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Sergei Chepik (1953-2011) is regarded as one of Russia’s greatest painters, which made me want to see a retrospective exhibition of his work at the Mall Galleries in central London. I was not disappointed.

When I was in St Petersburg a few years ago, I visited both the Hermitage and the Russian Museum. I found I preferred the distinctive, intense works by native painters in the Russian Museum to the European masterpieces on show in the Hermitage. I am not, and never have been, someone who is knowledgeable about art, but I just found the Russian art more… interesting.

Chepik’s work could easily belong in the Russian Museum. It is visionary, beautiful and distinctive. The artist painted religious scenes, images from his native Russia, and pictures inspired by his later home of Paris. His religious images are bleak, almost fantastical, unsettling, and moving even to an atheist (which he was himself). Many of them were based on or evoke events from Soviet Russia.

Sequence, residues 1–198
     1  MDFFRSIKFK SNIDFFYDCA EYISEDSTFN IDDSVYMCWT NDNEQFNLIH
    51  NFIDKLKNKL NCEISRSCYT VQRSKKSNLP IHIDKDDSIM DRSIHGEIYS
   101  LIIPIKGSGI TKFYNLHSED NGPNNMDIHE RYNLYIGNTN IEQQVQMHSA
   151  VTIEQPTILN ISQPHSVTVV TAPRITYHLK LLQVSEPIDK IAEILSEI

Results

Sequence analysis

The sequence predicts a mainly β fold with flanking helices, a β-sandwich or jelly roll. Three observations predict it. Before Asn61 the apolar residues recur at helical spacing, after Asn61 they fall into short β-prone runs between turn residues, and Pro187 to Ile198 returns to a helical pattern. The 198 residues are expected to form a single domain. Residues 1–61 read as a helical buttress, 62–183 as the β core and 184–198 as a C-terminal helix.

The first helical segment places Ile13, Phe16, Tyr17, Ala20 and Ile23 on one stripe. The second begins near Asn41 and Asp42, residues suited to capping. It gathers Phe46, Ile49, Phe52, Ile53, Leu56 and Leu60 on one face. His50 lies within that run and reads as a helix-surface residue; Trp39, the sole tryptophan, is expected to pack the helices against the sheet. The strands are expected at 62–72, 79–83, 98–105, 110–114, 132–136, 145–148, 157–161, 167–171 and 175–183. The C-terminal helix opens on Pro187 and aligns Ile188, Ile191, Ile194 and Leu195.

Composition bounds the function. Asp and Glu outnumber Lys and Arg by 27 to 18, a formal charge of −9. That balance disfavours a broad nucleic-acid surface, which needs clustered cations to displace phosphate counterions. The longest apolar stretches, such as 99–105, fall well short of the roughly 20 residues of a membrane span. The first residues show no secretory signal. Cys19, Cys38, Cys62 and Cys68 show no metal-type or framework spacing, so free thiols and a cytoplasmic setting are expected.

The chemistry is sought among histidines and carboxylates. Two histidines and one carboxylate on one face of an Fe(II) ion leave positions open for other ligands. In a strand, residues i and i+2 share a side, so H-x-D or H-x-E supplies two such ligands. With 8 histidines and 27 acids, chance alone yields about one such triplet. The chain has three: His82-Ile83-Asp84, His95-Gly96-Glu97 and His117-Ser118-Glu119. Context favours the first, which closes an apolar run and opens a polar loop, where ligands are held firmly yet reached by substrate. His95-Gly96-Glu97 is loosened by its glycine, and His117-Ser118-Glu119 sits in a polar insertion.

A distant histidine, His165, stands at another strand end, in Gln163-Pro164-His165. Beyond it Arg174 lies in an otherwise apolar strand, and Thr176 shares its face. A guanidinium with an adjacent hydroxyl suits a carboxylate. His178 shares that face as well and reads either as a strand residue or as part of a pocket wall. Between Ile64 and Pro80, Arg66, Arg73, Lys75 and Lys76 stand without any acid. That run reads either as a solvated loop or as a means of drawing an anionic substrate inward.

Chepik also drew on folk tales for some of his works: a painting I particularly loved showed the puppet-figure Petrushka (the Russian representation of autumn) surrounded by Russian folk figures. Other images covered sinister clowns and other circus characters, book illustrations (including for Bulgakov’s The White Guard) and portraits.

This exhibition was free and I’m so glad I went – it seems Russians still make the most awesome art!

‘The Ship of Happiness’, Sergei Chepik

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